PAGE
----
New cichlids what are they doing?
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New cichlids what are they doing?

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New cichlids what are they doing?
Old 12-03-2011, 10:40 PM   #1
 
New cichlids what are they doing?

Hey, I just got three free electric yellow cichlids and one is about three inches long and the other is about 2.5 and I have them in a 25 gallon with anothe electric yellow cichlid that is a baby, .5 inches, and the bigger one seemed to have been chacing the smaller one like if it was territorial and I read that this is not like them. No they are not going in circle but I want to know what is going on. Seems like the bigger one is trying to establish territory or dominence in the tank. Also how do you tell weather these are male or female? read a bit about this but not sure.. help meehh
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Old 12-03-2011, 11:07 PM   #2
 
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Yellow labs are territorial all cichlid are heck all animals are. They are considered mild for a mbuna but are very aggressive in regards to typical community fish. Sexing them at this age is impossible but the best way to sex them is venting them. The tank is to small which is why you are running into issues. These guys need bare minimum a 3ft tank and need to be kept in groups to disperse aggression.
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Old 12-04-2011, 07:30 AM   #3
 
Ok, thaks for letting me know. I read that they can be determined by sex in that the males have false eggsacks or somthing like that in there anal fin, is this true and acurate because if so I have two males.
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Old 12-04-2011, 08:30 AM   #4
 
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They are called "eggspots" and they are used in the courting practice. This is not an accurate way to sex mbuna because females can get it too.
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Old 12-04-2011, 10:42 AM   #5
 
Ok thanks. when they are small and if it happens to be that they are male and female will they chace eashother for terretory even thought they are oposite sex?
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Old 12-04-2011, 01:09 PM   #6
 
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Yes male and female will chase each other for dominance. Males will also chase females relentlessly when they are sexually mature in order to get them to breed. That is why you must keep mbuna in a ratio of 1male to every2-3females so no one female gets harassed to death.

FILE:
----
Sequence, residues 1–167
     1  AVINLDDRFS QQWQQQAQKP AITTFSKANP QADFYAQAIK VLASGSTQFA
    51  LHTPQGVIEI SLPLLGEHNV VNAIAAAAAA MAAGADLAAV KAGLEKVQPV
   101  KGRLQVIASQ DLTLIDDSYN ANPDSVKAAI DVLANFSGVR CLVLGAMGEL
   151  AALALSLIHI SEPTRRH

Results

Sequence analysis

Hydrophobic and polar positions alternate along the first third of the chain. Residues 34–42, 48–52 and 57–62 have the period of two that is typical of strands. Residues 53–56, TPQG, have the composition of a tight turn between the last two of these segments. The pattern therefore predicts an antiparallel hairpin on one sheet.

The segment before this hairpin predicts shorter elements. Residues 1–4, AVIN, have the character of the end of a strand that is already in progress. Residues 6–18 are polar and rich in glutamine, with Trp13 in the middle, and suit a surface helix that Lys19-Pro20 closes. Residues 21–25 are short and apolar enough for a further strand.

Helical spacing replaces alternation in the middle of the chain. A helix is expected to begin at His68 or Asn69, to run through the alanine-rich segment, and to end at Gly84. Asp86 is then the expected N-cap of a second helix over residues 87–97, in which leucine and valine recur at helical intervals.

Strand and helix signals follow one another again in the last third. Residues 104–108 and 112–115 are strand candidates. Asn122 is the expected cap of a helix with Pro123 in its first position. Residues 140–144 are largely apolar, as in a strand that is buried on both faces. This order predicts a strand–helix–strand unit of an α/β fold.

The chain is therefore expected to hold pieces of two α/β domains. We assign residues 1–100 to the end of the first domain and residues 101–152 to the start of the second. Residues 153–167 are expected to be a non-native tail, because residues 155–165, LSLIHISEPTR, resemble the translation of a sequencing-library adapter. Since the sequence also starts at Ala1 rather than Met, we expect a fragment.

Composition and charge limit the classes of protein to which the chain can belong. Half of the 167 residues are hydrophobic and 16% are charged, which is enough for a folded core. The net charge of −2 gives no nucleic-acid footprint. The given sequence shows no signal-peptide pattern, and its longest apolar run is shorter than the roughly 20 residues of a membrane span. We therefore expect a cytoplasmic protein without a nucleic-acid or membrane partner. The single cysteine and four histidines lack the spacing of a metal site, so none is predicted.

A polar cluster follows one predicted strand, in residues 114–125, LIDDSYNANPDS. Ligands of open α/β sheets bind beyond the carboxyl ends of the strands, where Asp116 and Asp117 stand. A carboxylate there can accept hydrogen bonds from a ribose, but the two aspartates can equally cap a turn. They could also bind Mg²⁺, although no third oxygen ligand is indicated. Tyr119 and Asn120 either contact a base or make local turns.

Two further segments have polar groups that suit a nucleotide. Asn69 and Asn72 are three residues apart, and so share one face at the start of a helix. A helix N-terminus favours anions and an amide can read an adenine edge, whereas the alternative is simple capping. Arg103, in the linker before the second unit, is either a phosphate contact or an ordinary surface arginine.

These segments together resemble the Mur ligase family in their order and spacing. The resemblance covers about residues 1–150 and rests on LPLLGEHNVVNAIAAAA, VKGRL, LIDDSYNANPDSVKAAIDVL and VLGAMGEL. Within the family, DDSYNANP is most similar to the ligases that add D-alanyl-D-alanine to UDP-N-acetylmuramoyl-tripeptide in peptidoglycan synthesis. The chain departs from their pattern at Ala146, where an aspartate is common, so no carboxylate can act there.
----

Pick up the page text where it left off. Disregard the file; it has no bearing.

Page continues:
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Old 12-04-2011, 01:28 PM   #7
 
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You could do a higher ratio, say 1 male to 5 or 6 females, which would help even more. Please read up on how to set up mbuna territories and caves, stocking density, water requirements, filtration needs, etc. These are very different than your typical tropical community!
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Old 12-04-2011, 03:46 PM   #8
 
Well I dont think they like each other but I still can tell if they are male or female. I tried venting but they look to small to tell. Both have the false egg-spot and both seem to have the black stripes nut not super black just like a thin stripe on the highter part of the top fin. I guess I will have to wait and see. Turns out that the new tank I got is not a 25 but a 29 and I also have two other cichlids, one that seems to be a white lab cichlids just like the other two but white, and a brown one with striped going vertical on its sides. Can the white lab cichlid breed with a electric yellow lab cichlid and if so, what color will the fry turn out to be? (not sure if the white lab is a female or male either but just curious)
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Old 12-04-2011, 08:39 PM   #9
 
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I can't know for sure what species you have exactly but many mbuna will crossbreed which is why you have to be careful picking tankmates. 29 gallons is still on 30" long and not enough for a mbuna tank. I would recommend a 55 gallon for mbuna community tank. A 36" 30long may work for milder smaller species. Hybrid mbuna are really frowned upon in the hobby because they make it impossible to identify the pure breeds. If you get fry from these fish either do not sell or distribute them or cull them.
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Old 12-04-2011, 09:08 PM   #10
 
I am not planning on breeding them I just wanted to know if they could and what I would get. I am going to get rid of the other two and then raising the small one and selling him just to keep both of the bigger electric cichlids. Do you think that I could keep the two electric cichlids in there by themself in the 29 gallon?
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